Health & Medical Dental & Oral

Drink Water For A Dazzling Smile!

Most people assume that simply by brushing their teeth every day and avoiding too many sugary sweets, they are protecting their bright smiles.
However, many people are unaware that they also need to watch what they drink in order to minimize the impact on their teeth.
Even with daily brushing and flossing, tooth decay can set in when teeth are exposed to too much sugar.
Sugar can be found in damaging quantities in soft drinks which can be especially harmful to teeth, particularly in children and young adults who often consume this type of drink.
The reason soft drinks are so harmful is that the bacteria which can be found on our gums and teeth thrive on sugar.
These bacteria can metabolize sugar very quickly, usually within 20 minutes, producing an acid in the process.
This acid sticks to the teeth and is more commonly known as plaque, which must be brushed away.
As the amount of sugar consumed at any one time increases, the acid also becomes stronger.
Over time, Exposing teeth to this acid results in a weakening of the tooth enamel, which leads to tooth decay and cavities.
A worrying rise in tooth decay rates has been observed in America where the number of cans of soft drink consumed annually per person has risen six hundred percent since the end of the second world war to nearly 600 cans per person per year.
This trend is also being followed in the UK where sugary drinks consumption is rising.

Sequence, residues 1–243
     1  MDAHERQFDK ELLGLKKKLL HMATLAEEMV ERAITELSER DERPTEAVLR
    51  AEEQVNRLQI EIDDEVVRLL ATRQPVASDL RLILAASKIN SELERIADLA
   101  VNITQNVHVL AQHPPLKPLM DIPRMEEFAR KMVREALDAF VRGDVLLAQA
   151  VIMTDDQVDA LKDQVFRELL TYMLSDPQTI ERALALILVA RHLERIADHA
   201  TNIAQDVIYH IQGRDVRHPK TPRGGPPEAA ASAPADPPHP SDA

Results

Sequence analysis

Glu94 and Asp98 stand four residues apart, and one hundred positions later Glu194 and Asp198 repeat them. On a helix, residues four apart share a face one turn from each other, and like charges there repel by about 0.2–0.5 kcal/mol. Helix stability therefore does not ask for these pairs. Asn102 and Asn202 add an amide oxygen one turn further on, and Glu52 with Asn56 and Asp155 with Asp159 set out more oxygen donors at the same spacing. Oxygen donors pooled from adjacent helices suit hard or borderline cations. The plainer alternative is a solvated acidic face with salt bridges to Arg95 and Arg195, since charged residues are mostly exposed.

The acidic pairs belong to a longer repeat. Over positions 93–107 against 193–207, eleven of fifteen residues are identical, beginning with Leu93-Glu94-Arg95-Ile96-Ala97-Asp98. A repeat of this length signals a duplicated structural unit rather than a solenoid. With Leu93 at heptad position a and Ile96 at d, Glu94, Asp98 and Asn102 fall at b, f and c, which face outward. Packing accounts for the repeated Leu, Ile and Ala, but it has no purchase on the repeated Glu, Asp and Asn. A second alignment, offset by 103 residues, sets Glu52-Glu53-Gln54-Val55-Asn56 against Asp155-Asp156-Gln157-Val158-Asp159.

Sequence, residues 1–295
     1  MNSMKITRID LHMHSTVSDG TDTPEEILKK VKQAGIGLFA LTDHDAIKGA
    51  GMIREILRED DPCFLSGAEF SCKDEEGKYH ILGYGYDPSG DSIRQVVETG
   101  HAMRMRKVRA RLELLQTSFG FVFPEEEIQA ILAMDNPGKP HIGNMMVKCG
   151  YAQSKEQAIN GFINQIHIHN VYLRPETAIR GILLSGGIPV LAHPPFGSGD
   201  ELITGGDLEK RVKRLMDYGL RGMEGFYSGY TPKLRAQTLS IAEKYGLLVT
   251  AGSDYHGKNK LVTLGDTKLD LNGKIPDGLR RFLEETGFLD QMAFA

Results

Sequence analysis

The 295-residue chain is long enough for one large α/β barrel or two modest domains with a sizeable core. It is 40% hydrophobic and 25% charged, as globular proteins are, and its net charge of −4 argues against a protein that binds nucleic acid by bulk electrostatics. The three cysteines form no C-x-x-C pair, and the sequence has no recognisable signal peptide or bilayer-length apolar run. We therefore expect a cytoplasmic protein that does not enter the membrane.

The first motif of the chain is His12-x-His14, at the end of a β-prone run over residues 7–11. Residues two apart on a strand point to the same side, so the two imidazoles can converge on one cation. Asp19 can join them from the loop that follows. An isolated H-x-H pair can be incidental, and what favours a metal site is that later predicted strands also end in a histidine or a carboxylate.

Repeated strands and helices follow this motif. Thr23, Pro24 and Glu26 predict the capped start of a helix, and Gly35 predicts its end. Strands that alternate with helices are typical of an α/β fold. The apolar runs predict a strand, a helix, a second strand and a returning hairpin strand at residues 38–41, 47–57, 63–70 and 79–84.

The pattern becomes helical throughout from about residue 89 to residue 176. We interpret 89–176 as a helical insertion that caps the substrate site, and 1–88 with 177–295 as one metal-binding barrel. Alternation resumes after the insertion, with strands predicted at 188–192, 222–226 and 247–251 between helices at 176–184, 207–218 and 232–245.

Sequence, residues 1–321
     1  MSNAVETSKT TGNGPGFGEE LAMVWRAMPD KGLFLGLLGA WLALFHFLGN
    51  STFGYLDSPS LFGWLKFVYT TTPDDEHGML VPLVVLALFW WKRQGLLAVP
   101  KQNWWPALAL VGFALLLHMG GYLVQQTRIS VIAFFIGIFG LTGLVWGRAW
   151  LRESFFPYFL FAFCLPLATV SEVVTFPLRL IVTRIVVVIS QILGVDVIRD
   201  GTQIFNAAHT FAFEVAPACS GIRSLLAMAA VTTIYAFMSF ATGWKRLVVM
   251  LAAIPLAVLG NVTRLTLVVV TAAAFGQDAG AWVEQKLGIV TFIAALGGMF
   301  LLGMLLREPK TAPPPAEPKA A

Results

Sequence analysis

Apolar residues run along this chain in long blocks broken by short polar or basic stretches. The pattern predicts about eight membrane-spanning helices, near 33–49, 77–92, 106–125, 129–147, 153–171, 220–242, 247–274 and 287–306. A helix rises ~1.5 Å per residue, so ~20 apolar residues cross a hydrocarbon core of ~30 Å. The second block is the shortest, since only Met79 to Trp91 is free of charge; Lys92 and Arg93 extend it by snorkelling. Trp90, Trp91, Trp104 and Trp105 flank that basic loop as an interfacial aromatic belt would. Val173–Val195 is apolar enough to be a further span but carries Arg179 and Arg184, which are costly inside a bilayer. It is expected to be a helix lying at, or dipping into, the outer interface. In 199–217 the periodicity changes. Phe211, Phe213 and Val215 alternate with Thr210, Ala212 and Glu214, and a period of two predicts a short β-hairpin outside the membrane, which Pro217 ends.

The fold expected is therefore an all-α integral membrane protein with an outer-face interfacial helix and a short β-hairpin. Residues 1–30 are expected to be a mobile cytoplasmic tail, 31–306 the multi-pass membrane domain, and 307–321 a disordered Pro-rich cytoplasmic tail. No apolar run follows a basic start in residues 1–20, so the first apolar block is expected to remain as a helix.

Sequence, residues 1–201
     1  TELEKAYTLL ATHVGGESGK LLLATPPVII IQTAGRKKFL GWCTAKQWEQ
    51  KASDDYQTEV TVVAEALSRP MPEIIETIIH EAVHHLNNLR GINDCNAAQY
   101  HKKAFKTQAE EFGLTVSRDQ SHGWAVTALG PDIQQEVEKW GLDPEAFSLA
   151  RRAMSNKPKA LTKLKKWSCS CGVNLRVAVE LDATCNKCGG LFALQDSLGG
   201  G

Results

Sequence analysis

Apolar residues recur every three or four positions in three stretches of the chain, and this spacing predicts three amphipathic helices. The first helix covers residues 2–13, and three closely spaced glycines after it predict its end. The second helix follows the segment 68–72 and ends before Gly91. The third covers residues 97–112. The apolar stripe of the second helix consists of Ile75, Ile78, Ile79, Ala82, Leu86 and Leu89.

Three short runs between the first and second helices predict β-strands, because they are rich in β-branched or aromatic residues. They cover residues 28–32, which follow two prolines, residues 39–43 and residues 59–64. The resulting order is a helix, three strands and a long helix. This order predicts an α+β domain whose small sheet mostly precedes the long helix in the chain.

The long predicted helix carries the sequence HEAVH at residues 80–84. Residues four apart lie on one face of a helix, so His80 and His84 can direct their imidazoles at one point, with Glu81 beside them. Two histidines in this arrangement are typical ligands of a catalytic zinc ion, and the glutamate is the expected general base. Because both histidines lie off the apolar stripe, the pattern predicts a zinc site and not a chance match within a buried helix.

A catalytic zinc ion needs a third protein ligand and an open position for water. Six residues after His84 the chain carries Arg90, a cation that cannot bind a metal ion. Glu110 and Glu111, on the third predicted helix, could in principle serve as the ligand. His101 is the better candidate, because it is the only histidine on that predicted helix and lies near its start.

For those who are trying to cut down on their sugar intake, the number of names given to sugar in soft drinks can be confusing, making it harder to avoid.
Usually though, sugar can appear on the ingredients list as sucrose, glucose, fructose, dextrose or corn syrup.
Fructose is the type of sugar which is contained in fruit.
It is less damaging than refined sugar, however whilst preferring fruit smoothies over fizzy drinks will be kinder to your waistline, they will not necessarily be kinder to your teeth.
Office workers are particularly vulnerable to developing oral and other health problems.
A sedentary working pattern, coupled with the availability of sweets, fizzy drinks and vending machines in many workplaces can cause tooth decay in people who may consider that they have adequate oral hygiene.
Couple this with the large amounts of coffee consumed by office workers and the occasional glass of red wine at 'business lunches' and stubborn tooth stains can be added to the list of complaints caused by other damaging beverages.
Sitting at work with a sugary drink on your desk can also be particularly harmful, as this way people will tend to sip the sugary drink slowly.
Slow sipping gives the bacteria in your mouth a sugar boost every so often, worsening the effects of the acid they produce on your teeth.
One way to combat this at work is to switch making trips to the vending machine for the water cooler instead.
Drinking more water during the day reduces staining and also reduces the impact of the occasional sweet drink on our gums and teeth.
There are also plenty of sugar free squashes which can be added to the water to vary the flavour without damaging your teeth.
A water cooler is a valuable addition to any office environment as it will not only cut down on the number of days staff spend at the dentist, but staying hydrated also brings a raft of other benefits including improved concentration and fewer headaches.


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